If Frank Tinsley was still writing articles for
Air Trails magazine as he did in November of 1950, he would be up to at least Air Warfare Phase IX,
depending on how you count our air wars / engagements. The
Korean War officially ran from
June 25, 1950 – July 27, 1953, so the Air Warfare Phase III installment was right at the beginning.
(November 1, 1955 – April 30, 1975) would have been Phase IV,
the Gulf War
(August 2, 1990 – February 28, 1991) counts as Phase V,
(April 6, 1992 – December 14, 1995) counts as Phase VI,
(March 24, 1999 – June 10, 1999) is Phase VII, the
(March 20, 2003 – December 18, 2011) is Phase VIII, and
(October 7, 2001 – December 28, 2014) wraps it up - until the next - at
Phase IX. Lots of other smalls engagements fell in-between, like Libya and Mogadishu. His artwork
would also include stealth aircraft and drones.
Air Warfare - Phase III
by Frank Tinsley
Phase I: World War I
Air warfare was mainly a battle between planes, starting when an ill-tempered pilot shook a fist
at an enemy flyer. Next come duels at 100 feet with pistols and rifles; finally machine guns were mounted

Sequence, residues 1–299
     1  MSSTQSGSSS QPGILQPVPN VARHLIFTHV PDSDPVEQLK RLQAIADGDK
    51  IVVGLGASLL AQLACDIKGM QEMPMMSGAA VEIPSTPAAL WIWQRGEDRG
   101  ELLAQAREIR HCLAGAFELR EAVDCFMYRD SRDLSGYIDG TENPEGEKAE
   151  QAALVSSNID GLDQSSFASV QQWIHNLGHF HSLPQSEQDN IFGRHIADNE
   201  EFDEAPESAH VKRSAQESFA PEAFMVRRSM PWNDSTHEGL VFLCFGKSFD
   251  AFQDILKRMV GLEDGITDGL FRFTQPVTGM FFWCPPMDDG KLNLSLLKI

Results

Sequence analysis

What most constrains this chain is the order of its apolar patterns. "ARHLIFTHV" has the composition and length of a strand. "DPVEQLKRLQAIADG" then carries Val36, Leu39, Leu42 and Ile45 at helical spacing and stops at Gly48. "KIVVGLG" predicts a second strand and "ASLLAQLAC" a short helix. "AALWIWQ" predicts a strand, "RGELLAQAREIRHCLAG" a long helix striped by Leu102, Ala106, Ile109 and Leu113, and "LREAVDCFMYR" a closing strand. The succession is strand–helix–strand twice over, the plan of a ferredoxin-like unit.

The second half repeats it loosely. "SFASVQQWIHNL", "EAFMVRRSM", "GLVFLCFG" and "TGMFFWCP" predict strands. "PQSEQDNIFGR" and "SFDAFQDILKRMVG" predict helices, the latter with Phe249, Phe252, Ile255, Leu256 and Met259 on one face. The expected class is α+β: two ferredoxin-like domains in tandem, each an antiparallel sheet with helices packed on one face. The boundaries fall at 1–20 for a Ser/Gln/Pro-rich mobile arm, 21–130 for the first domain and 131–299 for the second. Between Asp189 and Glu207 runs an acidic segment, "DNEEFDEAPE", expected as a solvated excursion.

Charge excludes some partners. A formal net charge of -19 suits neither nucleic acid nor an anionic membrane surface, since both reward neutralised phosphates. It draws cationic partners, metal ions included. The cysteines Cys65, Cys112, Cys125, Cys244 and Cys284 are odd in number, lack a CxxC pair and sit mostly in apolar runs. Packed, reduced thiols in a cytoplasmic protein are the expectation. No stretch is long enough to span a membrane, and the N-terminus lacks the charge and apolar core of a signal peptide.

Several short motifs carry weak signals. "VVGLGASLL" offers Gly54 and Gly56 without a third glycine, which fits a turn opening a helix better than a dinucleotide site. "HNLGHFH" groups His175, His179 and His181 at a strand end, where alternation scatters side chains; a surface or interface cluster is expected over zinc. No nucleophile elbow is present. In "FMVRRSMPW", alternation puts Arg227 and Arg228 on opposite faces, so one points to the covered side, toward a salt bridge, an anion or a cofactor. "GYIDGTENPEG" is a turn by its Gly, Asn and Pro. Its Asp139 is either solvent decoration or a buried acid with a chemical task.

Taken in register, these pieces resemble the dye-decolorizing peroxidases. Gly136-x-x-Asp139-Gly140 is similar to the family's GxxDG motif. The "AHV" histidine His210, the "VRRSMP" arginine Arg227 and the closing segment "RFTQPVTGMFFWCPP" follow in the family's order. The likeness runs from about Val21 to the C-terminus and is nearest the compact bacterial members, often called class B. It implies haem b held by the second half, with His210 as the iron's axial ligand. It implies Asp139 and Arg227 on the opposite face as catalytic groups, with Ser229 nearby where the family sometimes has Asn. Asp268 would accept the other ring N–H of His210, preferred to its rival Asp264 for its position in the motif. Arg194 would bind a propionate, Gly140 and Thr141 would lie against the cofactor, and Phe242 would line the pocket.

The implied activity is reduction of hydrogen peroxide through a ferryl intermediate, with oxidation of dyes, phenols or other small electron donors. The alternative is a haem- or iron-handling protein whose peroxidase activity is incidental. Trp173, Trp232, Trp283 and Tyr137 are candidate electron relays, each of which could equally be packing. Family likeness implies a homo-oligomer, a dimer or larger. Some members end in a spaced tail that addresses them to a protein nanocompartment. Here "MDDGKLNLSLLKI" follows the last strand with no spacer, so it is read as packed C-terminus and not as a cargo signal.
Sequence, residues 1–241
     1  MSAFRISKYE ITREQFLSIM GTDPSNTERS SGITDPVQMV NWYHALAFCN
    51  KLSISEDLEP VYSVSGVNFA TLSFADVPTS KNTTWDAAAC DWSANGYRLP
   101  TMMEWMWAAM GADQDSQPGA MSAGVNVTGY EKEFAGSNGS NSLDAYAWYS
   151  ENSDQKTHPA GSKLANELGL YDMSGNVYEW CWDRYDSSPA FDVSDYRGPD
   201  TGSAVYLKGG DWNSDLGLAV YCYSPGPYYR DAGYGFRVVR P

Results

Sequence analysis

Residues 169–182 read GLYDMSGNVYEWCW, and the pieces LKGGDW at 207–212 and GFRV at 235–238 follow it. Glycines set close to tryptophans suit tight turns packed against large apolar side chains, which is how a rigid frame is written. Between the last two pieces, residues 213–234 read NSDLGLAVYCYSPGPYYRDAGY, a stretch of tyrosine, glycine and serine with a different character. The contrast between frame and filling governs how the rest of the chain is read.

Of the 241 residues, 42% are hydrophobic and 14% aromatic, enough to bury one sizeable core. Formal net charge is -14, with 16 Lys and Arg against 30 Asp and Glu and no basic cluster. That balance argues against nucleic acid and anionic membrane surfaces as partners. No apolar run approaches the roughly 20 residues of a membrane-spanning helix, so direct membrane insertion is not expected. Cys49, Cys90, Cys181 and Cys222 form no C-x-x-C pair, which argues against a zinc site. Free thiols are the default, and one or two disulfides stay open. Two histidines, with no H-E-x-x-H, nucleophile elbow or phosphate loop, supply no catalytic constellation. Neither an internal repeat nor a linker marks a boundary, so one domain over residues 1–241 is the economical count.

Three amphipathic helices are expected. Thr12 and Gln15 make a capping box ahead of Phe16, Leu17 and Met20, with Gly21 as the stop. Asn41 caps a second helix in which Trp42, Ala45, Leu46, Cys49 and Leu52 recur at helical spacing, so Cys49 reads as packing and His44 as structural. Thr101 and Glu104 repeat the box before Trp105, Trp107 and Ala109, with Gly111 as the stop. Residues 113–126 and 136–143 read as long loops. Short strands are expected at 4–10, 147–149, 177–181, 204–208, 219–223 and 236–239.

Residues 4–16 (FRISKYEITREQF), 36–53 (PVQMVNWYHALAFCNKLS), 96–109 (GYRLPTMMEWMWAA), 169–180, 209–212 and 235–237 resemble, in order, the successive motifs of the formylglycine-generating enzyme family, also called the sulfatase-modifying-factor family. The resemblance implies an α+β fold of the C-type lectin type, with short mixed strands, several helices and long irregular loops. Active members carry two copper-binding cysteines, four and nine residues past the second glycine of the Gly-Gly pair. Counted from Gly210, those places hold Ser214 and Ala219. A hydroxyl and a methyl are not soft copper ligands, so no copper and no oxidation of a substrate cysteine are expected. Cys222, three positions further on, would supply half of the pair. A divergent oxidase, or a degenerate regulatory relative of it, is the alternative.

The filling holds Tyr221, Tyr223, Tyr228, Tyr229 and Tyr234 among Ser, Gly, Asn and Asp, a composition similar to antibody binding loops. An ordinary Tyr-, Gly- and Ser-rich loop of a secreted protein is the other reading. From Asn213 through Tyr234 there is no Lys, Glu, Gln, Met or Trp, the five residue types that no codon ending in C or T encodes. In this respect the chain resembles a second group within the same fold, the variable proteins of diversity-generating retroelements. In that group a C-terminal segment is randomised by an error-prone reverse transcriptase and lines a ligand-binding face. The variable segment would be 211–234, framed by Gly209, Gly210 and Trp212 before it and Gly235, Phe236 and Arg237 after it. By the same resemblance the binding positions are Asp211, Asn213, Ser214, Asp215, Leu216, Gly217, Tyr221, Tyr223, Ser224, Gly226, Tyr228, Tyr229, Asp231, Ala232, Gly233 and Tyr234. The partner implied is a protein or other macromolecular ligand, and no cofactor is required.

for a more effective kill.
Phase II: World War II
In early part the fighter still acted as plane destroyer, but greater number of heavy caliber guns
and ability to carry a large bomb-load increased its versatility, turning the fighter into an effective
weapon against ground targets.
The third phase came into being on the Korean front. Here the fighter plane really demonstrated its
many-sidedness. The Lockheed F-80s, as yet untried in battle and designed primarily for high-altitude
fighting, proved effective tank destroyers, using rockets against enemy armored columns, while not only
liaison planes but even T-6 trainers were presses into service to spot Red tanks. Propeller-driven American
aircraft were in immediate demand.
Posted April 4, 2016